The COVID-19 pandemic is continuing to rage unabated. Just as countries across the globe were coming online from a protracted lockdown, the second and third wave of the pandemic is threatening to derail hopes of a return to a more normal way of life.
It’s against this backdrop that vaccines and treatments options have taken center stage.
The COVID-19 Vaccine Landscape: In the U.S., three vaccines have received authorization for emergency use. Pfizer Inc. (NYSE: PFE)-BioNTech SE ((NASDAQ: (BNTX))) were the first to get the nod for emergency use, followed by Moderna, Inc. (NASDAQ: MRNA) and Johnson & Johnson (NYSE: JNJ).
Some of the other vaccines approved internationally include Russia’s Sputnik V, India’s indigenously developed COVAXIN and a trio of vaccines developed by Chinese companies.
The coronavirus vaccines have not received full approval. Pfizer and its German partner BioNTech announced Friday the initiation of a rolling submission for af biologic license application for full FDA approval of the companies’ mRNA vaccine, BNT162b2.
The aim of governments is to make these vaccines as widely available as possible, especially to developing and underdeveloped countries, and vaccinate as many people as possible so that herd immunity may be achieved.
One aspect that could come in the way of this objective are patents related to the vaccines.
How Patents Influence Vaccine Availability: A patent, in layman’s terms, is the protection vested on an innovation that will allow the developer or the inventor to take advantage of the fruits of their labor, which could be in the form of time, effort and money.
When COVID-19 vaccines are covered by patents, only the developer of the vaccine can manufacture them.
This would limit the availability of the vaccine, given the limitations with respect to scaling up of manufacturing to meet a need that seems gargantuan in light of available manufacturing capacity.
Pfizer said in its first-quarter report that it targets supplying 1.6 billion doses of vaccine in 2021. Moderna expects to supply 800 million to 1 billion doses of vaccine in 2021 and increase this figure to 3 billion doses in 2022.
Vaccine developers such as AstraZeneca and Novavax, Inc. (NASDAQ: NVAX) have struck licensing partnerships with local companies such as the Serum Institute of India to increase the doses that are made available.
Nevertheless, there is a paucity of supply. In countries such as India, the second wave of the pandemic is creating havoc. Infections and deaths are spiraling, and to make matters worse, these countries are facing severe shortages of vaccine supplies.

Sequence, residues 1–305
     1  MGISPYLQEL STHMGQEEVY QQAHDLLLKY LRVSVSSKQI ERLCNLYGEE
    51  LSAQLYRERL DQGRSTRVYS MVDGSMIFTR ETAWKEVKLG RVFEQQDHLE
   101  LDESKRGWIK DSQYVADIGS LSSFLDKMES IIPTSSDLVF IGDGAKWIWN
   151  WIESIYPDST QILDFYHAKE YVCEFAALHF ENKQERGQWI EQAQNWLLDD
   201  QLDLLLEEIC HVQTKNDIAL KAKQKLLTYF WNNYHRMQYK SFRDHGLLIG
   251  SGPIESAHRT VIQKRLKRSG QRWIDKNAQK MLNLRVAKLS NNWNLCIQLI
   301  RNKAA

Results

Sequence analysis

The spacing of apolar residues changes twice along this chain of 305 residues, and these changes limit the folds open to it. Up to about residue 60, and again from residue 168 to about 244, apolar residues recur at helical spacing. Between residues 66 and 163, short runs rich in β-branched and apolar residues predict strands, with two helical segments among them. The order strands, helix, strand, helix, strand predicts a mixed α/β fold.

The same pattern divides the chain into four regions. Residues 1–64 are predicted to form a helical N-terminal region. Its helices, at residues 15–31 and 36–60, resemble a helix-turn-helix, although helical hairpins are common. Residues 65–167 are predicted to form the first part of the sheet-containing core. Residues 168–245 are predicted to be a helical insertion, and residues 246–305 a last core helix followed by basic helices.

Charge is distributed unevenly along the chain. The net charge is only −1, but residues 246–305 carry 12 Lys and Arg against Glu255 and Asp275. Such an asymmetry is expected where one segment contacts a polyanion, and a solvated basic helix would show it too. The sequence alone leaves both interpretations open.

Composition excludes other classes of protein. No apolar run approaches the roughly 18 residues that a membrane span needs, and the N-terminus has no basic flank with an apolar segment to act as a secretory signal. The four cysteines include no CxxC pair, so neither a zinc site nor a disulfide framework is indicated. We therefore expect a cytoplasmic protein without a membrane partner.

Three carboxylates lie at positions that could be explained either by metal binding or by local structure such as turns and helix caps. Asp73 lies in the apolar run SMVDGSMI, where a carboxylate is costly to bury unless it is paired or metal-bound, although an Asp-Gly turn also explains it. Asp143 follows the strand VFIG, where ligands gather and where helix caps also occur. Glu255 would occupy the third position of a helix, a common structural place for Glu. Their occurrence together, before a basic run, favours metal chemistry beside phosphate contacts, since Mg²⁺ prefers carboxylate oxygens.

The clamor for taking vaccine technology and intellectual property off patent is getting louder. If the original developers can share the vaccines with local companies, there is every possibility of increasing vaccine supplies and improving affordability.
“Further, to eliminate any perceived IP barriers to vaccine development during the pandemic period, upon request we are also willing to license our intellectual property for COVID-19 vaccines to others for the post pandemic period,” the company said at the time.
Related Link: Attention Biotech Investors: Mark Your Calendar For May PDUFA Dates
Countries Divided Over Patents: India and South Africa, which are hit hard by the pandemic, have suggested that COVID-19 vaccine patents be given a broad waiver from Trade-Related Intellectual Property Rights, aka TRIPS.
TRIPS are enforced by the World Trade Organization for safeguarding trademarks, designs, inventions and other intangible goods in global trade.
After objecting to the proposal initially, the Biden administration said earlier this week it will advocate the waiving of vaccine patents and related intellectual property.
On the other hand, Germany has been very vocal in supporting the upholding of patents related to vaccines.
Other WTO members such as the EU, Japan, Australia, Canada and Switzerland have lined up behind Germany.
Patent Waiver Proponents Lay Out Case: Much of the vaccine doses distributed now are going to high- and upper-middle-income countries. Relatively less supply is going to poorer nations that house about 80% of the world’s population.
This is one principal reason world organizations and some countries are backing the proposal for making vaccines off-patent.
Why The Opposition? Opponents argue that such a move will disincentivize drug development. Vaccine developers that spent billions of dollars on R&D and manufacturing may now find themselves shortchanged, as they will have to hand out the technology literally for free.
There is also the fear of China and Russia getting access to the mRNA technology, a relatively new-age vaccine technology, and exploiting it.
Pharma companies have raised this issue in meetings with U.S. trade and White House officials, according to the Financial Times.
Germany has expressed concerns about the potential for severe complications in vaccine production.
“The limiting factor for the production of vaccines are manufacturing capacities and high-quality standards, not the patents,” a German government spokeswoman said.
A Middle-Of-The-Road Approach Explored: An alternative now being discussed is private companies entering into licensing agreements with nations to share some, but not all, of the knowledge and designs needed to produce vaccines in the developing world.
How far this approach would help the broadening of vaccine availability is in question.
Related Link: Why This Pfizer Analyst Is Sidelined After Beat-And-Raise Q1
© 2021 Fintech Zoom.com. Fintech Zoom does not provide investment advice. All rights reserved.